Small molecular glucokinase activators: has another new anti-diabetic therapeutic lost favour?
Rees MG., Gloyn AL.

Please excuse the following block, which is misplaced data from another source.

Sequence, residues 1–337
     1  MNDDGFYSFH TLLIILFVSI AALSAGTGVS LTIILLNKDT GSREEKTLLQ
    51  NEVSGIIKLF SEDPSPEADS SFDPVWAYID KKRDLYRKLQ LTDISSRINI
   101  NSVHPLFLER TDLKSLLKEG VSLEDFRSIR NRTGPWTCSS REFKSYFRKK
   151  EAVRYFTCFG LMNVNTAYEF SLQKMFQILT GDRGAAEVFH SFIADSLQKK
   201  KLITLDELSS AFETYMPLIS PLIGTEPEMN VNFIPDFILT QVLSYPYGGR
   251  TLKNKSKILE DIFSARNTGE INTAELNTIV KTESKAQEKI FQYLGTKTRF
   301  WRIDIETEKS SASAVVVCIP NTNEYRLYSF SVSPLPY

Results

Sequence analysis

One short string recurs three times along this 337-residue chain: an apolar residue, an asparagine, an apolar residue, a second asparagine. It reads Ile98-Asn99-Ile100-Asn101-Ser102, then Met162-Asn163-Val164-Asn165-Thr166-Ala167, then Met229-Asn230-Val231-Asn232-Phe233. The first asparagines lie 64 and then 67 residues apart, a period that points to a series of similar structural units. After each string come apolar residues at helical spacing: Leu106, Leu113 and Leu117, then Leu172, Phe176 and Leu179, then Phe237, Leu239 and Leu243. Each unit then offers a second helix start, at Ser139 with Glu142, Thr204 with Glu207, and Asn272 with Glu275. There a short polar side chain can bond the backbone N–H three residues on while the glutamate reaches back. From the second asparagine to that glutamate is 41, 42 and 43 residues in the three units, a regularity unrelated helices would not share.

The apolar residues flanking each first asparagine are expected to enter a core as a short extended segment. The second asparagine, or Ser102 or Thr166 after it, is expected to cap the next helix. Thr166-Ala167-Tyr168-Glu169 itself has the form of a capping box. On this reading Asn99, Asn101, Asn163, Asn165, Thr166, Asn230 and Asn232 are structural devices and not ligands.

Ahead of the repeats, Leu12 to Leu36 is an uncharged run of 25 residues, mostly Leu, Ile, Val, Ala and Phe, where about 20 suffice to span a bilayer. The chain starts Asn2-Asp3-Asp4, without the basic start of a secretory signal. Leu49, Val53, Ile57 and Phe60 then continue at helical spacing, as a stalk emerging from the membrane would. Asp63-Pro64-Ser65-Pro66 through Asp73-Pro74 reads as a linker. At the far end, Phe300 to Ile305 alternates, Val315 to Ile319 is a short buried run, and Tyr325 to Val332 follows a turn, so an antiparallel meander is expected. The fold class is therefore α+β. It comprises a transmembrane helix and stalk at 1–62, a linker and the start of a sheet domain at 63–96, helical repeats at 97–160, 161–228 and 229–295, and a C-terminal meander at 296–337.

UNLABELLED: Glucokinase activators (GKAs) represent one of the leading hopes for the next generation of type 2 diabetes (T2D) therapeutics, showing efficacy in reducing blood glucose and HbA1c levels in animal models of T2D and short-term human trials. While the hypoglycaemic risks of GCK activation in pancreatic beta-cells have long been appreciated, the hepatic effects of GKAs have generally been perceived to be without significant side effect. In this issue of the British Journal of Pharmacology, De Ceuninck et al. report that acute and chronic GKA treatment of normoglycaemic and hyperglycaemic rodent models results in significant accumulation of triglycerides in the liver. This suggests GKA-mediated activation of hepatic glucose uptake and suppression of endogenous glucose production may come at a significant cost; namely, the development of hepatic steatosis. This raises important questions regarding the safety of GKAs and emphasizes that both plasma and hepatic lipid profiles should be carefully monitored in on-going and future studies of these molecules. LINKED ARTICLE: This article is a commentary on De Ceuninck et al., pp. 339-353 of this issue. To view this paper visit http://dx.doi.org/10.1111/j.1476-5381.2012.02184.x.